When Former Time Warner chairman and CEO Richard Parsons turned 18, he brought his then-girlfriend to Hickory House, a jazz supper club in midtown Manhattan. "You got to dress up, and it was the first time I thought of myself as acting like a grown-up," he recalls. "Ever since, I've wanted to own a supper club." Forty-seven years of dreaming will be fulfilled soon with his opening of a Harlem restaurant and jazz supper club: The Cecil and Minton's.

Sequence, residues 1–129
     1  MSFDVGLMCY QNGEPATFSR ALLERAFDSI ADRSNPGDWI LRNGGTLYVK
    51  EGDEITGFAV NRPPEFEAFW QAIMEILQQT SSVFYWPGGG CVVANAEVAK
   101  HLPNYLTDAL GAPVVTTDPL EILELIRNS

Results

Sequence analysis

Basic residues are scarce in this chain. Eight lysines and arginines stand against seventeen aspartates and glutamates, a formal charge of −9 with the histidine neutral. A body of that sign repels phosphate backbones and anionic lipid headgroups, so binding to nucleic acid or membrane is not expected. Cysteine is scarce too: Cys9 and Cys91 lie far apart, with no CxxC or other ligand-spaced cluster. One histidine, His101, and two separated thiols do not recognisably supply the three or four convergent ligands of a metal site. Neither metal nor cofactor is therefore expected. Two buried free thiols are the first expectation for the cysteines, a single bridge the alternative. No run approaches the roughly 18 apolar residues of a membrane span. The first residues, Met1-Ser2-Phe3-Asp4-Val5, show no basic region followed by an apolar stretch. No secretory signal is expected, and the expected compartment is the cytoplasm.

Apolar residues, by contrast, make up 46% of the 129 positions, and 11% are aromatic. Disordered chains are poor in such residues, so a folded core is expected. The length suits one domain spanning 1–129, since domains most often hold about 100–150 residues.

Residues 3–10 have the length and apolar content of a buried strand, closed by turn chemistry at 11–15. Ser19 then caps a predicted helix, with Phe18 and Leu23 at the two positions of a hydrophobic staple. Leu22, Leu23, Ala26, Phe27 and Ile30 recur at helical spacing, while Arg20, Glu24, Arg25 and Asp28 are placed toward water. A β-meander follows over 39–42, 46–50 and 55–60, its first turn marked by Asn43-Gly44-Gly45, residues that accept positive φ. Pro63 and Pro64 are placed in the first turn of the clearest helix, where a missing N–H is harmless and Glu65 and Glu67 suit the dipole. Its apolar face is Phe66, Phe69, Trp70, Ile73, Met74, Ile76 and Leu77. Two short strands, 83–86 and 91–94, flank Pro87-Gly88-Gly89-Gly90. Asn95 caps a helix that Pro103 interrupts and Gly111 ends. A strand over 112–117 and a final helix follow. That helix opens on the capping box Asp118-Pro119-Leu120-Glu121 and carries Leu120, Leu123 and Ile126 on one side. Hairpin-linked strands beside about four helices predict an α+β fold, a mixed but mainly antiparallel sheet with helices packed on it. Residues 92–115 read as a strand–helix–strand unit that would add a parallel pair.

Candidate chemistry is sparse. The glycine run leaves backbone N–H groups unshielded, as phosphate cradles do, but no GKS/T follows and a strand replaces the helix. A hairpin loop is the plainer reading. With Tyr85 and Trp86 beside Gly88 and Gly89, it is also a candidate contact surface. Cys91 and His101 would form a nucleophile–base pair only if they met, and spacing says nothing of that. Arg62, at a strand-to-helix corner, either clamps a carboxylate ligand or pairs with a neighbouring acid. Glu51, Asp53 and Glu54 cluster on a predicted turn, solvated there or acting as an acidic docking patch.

The Cecil (210 W. 118th St.) is a casual 150-seat spot, while next door, the 70-seat Minton's (206 W. 118th St.) marks the rebirth of the famed jazz club Minton's Playhouse, initially closed in 1974, where Charlie Parker and Thelonious Monk first improvised bebop. "I love music. It was my favorite part of Time Warner, and it killed me to have to sell [Warner Music Group]," says Parsons of spinning off the division in 2004. For the past decade, he has been chairman of the Jazz Foundation of America.
The executive -- who ran Time Warner from 2002 to 2008, followed by a three-year tenure as Citigroup chairman -- was conceived in Harlem, grew up in Brooklyn and lives in Tribeca with his psychologist wife, Laura.